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Php 7 + Opcache + Nginx + W3 total cache

Discussion in 'Plesk 12.x for Linux' started by Xavier12, Feb 27, 2016.

  1. Xavier12

    Xavier12 Regular Pleskian

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    Hey guys,

    We've enabled php 7 and opcache module, and using nginx.. but for some reason the opcache xcache option does not appear in w3 total cache. Using Centos 6.7

    Any advice?
     
    Last edited: Feb 27, 2016
  2. trialotto

    trialotto Golden Pleskian Plesk Guru

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    @Xavier12,

    XCache does not really support PHP 7.

    The default opcache in PHP 7 is essentially an inherent Zend Extension, making any other opcache method rather unnecessary (and that is the simple way of putting it).

    By the way, you are using W3TC, implying that you are implicitly asking about a WP instance.

    For that reason, you have to be aware that

    - the WP instance should be of version 4.3 or later to gain full advantage of PHP 7,
    - using WP (4.4.2 for instance) with PHP 7 results in a huge performance increase, amongst other due to the fact that WP has native support for PHP 7 and the default opcache,
    - any other opcache can mitigate or even annihilate the improvement in performance,
    - W3TC has been written in the days of the PHP versions that actually did need some support for performance improvements: PHP 7 does not need that support,
    - W3TC is not really "PHP 7 ready",
    - W3TC is valuable for caching objects, databases and pages, but even that value decreases: use a combination of PHP 7 and Redis

    and so on.

    In short, I would strongly recommend to keep the Apache + Nginx + PHP 7 + FPM (server by Apache) as standard as possible and, optionally, add a Redis based cache.

    Regards.....
     
    Kingsley and Xavier12 like this.
  3. Xavier12

    Xavier12 Regular Pleskian

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    Hi Trialotto,

    Thanks so much for the detailed response! Currently using memcached as well, do you think Redis should be used instead of memcached? Reason being is because we use cloudflare railgun.

    Please advise, thanks!
     
  4. trialotto

    trialotto Golden Pleskian Plesk Guru

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    @Xavier12,

    Ehm, Railgun? Are you implying that you have a CloudFlare Business plan at $200 per month (or a lot less, if you purchased through specific partners)?

    To be honest, that is a lot of money for a ready-steady-configured Nginx server (what CloudFlare essentially is), whilst the alternative of Nginx Plus is also available.

    I am a bit suprised, in general but also from the perspective of your question.

    Any of the paid-for CloudFlare plans and certainly the Business plans would make a plugin like W3TC rather obsolete (and even "dangerous" in combination with CloudFlare).

    Moreover, the Railgun technique utilizes Memcached servers (read: managed by Cloudflare), which cannot be used in the W3TC setup.

    The whole Railgun idea is to use a "delta" (read: changes) based concept of delivering (in memory) cached content.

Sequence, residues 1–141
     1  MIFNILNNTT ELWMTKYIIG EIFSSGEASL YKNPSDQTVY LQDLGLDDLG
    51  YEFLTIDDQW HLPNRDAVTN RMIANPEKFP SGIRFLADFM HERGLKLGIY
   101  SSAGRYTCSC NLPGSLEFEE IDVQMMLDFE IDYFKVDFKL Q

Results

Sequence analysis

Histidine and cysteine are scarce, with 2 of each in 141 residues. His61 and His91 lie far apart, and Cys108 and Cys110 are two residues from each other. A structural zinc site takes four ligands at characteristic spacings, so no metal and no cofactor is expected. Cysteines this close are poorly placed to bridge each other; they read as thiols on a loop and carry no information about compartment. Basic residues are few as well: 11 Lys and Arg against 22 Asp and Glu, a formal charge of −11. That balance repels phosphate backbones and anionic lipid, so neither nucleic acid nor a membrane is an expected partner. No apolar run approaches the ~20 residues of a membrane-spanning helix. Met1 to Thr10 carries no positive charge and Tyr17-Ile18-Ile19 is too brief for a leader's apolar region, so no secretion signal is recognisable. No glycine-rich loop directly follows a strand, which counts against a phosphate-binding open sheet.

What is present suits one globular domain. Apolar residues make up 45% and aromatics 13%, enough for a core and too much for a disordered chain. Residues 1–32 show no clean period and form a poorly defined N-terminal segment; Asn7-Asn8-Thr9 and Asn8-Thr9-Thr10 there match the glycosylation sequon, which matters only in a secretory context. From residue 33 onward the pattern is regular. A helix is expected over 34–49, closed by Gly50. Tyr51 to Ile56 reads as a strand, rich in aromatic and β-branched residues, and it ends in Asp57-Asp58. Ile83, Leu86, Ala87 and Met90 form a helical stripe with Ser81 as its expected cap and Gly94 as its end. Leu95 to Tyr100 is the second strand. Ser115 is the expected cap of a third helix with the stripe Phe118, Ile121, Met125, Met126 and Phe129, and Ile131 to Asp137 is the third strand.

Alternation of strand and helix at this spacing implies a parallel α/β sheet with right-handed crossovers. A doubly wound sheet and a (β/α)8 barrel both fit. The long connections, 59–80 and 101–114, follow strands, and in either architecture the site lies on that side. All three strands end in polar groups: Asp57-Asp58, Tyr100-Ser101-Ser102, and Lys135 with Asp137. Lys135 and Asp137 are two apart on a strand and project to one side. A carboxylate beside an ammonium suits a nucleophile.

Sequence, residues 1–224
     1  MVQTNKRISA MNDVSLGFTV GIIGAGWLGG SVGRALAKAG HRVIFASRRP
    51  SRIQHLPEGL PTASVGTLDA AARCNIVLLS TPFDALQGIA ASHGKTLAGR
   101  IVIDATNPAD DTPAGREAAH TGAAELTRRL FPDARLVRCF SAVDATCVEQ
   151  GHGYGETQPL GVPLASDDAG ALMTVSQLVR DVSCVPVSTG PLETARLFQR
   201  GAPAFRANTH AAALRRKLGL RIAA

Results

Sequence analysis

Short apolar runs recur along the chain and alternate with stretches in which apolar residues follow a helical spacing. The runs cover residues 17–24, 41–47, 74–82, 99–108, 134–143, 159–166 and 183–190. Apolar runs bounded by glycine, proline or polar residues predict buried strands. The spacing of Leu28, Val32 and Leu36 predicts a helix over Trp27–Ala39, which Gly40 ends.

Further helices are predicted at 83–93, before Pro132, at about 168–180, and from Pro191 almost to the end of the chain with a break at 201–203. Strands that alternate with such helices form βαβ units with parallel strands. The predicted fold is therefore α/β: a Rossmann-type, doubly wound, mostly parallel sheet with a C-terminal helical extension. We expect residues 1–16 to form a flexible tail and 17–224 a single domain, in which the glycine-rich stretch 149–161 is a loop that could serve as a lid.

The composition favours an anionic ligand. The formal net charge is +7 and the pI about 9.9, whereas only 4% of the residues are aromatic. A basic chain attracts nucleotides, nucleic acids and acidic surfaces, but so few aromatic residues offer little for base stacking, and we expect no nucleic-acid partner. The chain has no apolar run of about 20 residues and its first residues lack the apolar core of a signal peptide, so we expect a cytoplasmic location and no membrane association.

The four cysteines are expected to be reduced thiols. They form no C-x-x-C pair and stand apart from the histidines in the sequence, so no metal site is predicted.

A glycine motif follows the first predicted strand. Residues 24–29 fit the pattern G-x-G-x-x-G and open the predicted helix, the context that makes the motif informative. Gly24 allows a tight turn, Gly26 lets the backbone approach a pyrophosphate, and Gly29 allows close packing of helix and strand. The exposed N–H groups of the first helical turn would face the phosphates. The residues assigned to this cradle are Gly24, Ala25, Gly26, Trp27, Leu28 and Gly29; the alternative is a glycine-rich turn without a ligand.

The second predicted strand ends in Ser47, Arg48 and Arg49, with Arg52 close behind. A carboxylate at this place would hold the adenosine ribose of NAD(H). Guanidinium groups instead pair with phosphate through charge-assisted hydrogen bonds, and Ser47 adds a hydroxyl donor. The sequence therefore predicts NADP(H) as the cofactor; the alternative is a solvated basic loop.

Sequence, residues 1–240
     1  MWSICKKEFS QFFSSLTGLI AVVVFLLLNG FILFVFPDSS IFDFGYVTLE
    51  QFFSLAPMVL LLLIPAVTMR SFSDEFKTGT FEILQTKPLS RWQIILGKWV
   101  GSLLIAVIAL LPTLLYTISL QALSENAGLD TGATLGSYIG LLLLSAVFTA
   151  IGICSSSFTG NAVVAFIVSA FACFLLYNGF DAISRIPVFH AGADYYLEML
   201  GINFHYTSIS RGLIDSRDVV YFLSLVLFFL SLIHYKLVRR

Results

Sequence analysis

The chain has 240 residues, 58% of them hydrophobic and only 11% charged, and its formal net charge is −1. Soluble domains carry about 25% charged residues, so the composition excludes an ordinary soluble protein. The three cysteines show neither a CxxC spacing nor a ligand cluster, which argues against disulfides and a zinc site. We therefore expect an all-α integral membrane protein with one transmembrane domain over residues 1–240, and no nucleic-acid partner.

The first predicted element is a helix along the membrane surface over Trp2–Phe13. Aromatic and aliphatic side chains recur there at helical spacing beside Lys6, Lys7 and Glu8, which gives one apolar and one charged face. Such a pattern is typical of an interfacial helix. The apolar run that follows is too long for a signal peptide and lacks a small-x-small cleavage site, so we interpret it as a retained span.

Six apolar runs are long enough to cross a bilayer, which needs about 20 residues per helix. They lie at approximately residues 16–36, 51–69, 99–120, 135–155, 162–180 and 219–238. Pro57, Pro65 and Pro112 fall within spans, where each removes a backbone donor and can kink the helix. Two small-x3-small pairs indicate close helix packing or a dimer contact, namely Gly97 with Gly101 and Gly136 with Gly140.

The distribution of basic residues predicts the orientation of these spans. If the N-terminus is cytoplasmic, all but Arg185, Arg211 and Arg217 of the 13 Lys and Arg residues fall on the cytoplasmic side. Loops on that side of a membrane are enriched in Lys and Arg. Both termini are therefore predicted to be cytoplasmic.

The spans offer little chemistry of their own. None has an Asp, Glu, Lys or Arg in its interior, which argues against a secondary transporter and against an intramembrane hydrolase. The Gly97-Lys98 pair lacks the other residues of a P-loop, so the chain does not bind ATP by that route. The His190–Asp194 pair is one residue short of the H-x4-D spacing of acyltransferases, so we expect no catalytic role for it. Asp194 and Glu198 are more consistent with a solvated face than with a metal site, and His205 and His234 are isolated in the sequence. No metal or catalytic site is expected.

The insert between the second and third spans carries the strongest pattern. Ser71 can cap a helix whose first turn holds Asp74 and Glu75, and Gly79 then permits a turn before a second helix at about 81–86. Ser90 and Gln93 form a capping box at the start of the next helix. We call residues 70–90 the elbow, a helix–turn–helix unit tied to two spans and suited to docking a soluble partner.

In essence, there is no space for a local Memcached or Redis server, let alone a local Memcached server managed and used by the W3TC plugin.

    Even though the Railgun concept might seem impressive, a Redis cluster combined with a Nginx cluster, both with nodes across the world, will perform the same (and without the need for any delta based approach, making the whole system less error-prone).

    All of the above does more or less answer your question, but the answer is ambivalent: (on the one hand) you need a local memcached server to utilize the Railgun technology at it´s best and this local Memcached server is preferably not to be used or cannot be used for the W3TC plugin and (on the other hand) a Redis server can be used, to speed up a WP instance.

    I would strongly recommend to use the Redis cache approach with a WP instance, certainly if the site does not get that much visitors from other parts of the world (and even if it does, the use of a Redis cache will improve pageload speeds for those visitors. Note that one can use the (free) lightning fast CloudFlare DNS system to overcome any reduction in speeds for "foreign" visitors, but in most of the cases, this is not needed at all, since good implementations of Redis cache can allow pageload speeds of 3ms. Yes, dependent on the page: 3ms!)

    I also have to mention that a Redis based approach is more in line with "good practice": it has no use to optimize bad pages or sites with CDN techniques (i.e. the endresult still remains suboptimal), whilst it really does add value to improve the pages or sites and introduce some code that integrates caching into the page/site code (and this happens with Redis).

    In short, I am in favour of using Redis, certainly in the case of WP instance, even though that can be a challenge.

    Hope the above helps, if you have any questions, just start a personal conversation with me.

    Regards....
     
    Xavier12 likes this.
  5. Xavier12

    Xavier12 Regular Pleskian

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    Hi Trialotto,

    Thanks for the complete breakdown.. makes a lot of sense. Yes, we are a Cloudflare partner and offer Railgun to our Wordpress customers. At this moment we already have memcached properly set up, otherwise railgun would not work.

    Will be setting up redis in that case, sounds like another great option. DM'ing you now. :)
     
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